In just a few short years The Vaults, nestled under Waterloo station, has become one of London’s most exciting art spaces. It all started with The Vaults Festival which has rapidly become one of the capital’s largest Fringe theatre events, and have recently staged productions ranging from Goosebumps Live to a musical about mod icons The Small Faces. We chatted to founder and director Kieron Vanstone about the venue, its history and his dreams for the future.
London Calling: Can you tell us about the history of the venue?
Kieron Vanstone: It opened in April 2013. I originally worked at the Old Vic Tunnels which was another series of arches supported by the Old Vic Theatre. When that place closed I picked up where we left off and opened up another series of arches and carried on from there.
LC: What is it about the underground that appeals to people?
KV: Interestingly at The Vaults, technically, you actually don’t go underground at all. It was built in 1848 and the Victorians wondered how to keep the train running when there were floods, so they lifted it all up. You never actually go down at all. You get this real loss of inhibition and exploration when you go underground.
LC: Were there any issues setting up in such an unusual location?
KV: I started without anybody else and I just had to do it all myself really. I had to clean everything, do all the production, finance, marketing. There were no particularly big hurdles, it was just all of the hurdles. The building was used to store paper for a long time so there was just one toilet in the whole building and a series of offices. All of our toilets are now weirdly kitted out like old school offices.
LC: What’s most exciting in your current season?
KV: Goosebumps is exciting because we’ve completely split audiences. I’ve never seen a show that some people absolutely detest while others adore it and come back three or four times.
LC: Why do you think that’s happened?
KV: If I knew why, I would definitely be a billionaire. A lot of people like it, a lot of people don’t. Goosebumps is the second best selling book series of all time after Harry Potter. We’ve also got ‘All or Nothing’ our mod musical inspired by the music of the Small Faces. It’s written by a lady called Carol Harrison and that’s been unbelievably popular. It sold out every night for eight weeks which is impressive for a new musical. I think it’s a testament to the music of the Small Faces and how popular it was.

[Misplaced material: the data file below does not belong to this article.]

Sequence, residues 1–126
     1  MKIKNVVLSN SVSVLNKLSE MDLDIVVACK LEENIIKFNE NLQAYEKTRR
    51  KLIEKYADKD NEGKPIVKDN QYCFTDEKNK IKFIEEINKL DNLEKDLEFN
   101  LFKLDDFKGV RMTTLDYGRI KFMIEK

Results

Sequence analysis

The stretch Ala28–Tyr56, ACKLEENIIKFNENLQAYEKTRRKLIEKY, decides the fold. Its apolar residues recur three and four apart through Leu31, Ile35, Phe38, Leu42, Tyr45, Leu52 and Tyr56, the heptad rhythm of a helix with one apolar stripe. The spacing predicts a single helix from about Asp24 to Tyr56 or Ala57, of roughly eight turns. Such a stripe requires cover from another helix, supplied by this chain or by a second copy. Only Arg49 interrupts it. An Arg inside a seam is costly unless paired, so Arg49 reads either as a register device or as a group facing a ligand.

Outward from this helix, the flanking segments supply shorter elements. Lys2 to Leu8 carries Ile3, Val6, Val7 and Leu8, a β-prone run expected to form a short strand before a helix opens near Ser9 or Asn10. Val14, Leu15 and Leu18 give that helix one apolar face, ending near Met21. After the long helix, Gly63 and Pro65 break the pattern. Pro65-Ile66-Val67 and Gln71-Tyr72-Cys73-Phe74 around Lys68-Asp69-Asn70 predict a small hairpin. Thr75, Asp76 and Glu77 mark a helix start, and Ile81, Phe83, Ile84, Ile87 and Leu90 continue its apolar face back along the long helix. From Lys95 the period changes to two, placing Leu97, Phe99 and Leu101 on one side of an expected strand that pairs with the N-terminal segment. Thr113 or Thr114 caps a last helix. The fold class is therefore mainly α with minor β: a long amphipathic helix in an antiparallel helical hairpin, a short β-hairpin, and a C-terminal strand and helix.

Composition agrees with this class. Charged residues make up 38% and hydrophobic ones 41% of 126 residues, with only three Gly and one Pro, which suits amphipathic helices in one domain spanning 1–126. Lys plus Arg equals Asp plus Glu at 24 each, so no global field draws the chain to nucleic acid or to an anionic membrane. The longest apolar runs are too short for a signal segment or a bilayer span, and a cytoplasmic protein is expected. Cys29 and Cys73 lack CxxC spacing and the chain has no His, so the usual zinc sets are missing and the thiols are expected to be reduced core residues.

We’ve also had a brand new audience come to the place. We pitch ourselves all the time for twenty to thirty year-olds but with this show you’ve got a range from forty to seventy. It’s cool to not be elitist, we do shows for everybody. It’s the same doing our separate Goosebumps kids show, they come in and are amazed, they can hear the trains, they go mental. Just like a 57-year-old who has never been under Waterloo station but they’ve walked past it every day.
LC: What about the Vaults Festival?
KV: We have a six week festival in March where there are about 20 shows a day. We turn most spaces into theatres ranging from 100 seats to 176 seats. It’s fringe theatre of very high quality. It’s about supporting the artists and making sure they don’t lose out, that they cover themselves. It accounted for something like 30% of all fringe ticket sales in London last year. The first was in 2012, before the venue opened. The Vaults Festival came first, when I was working at the Old Vic Tunnels. We opened up this space for the Vaults festival first for six weeks then we closed it down again. That was why we called the space The Vaults because the festival had already spread the name.
LC: A lot of venues are threatened by council restrictions and new construction at the moment. Are you worried about that?
KV: I’ve got a really good relationship with the council. I’ve been really careful and clear – I won’t just do a party or a dirty rave, it has to have some theatre and drama to it. That supports the community so they support us. If you don’t have the support of the surrounding businesses and neighbours then you’re in trouble. They’re the people you’re there to serve so if you stick out like a sore thumb then it’s going to go badly.
Saying that, some other venues were doing the best they could – like Shunt got closed because the Shard was built on top of it. No doubt the same will happen for Waterloo. There are masterplans for Waterloo up until 2050 so we won’t be around forever. In terms of footfall Waterloo is the biggest station in Europe, there’s an extra million people every year. We’ll survive as long as we possibly can and do as much cool stuff as we can in the time we’ve got.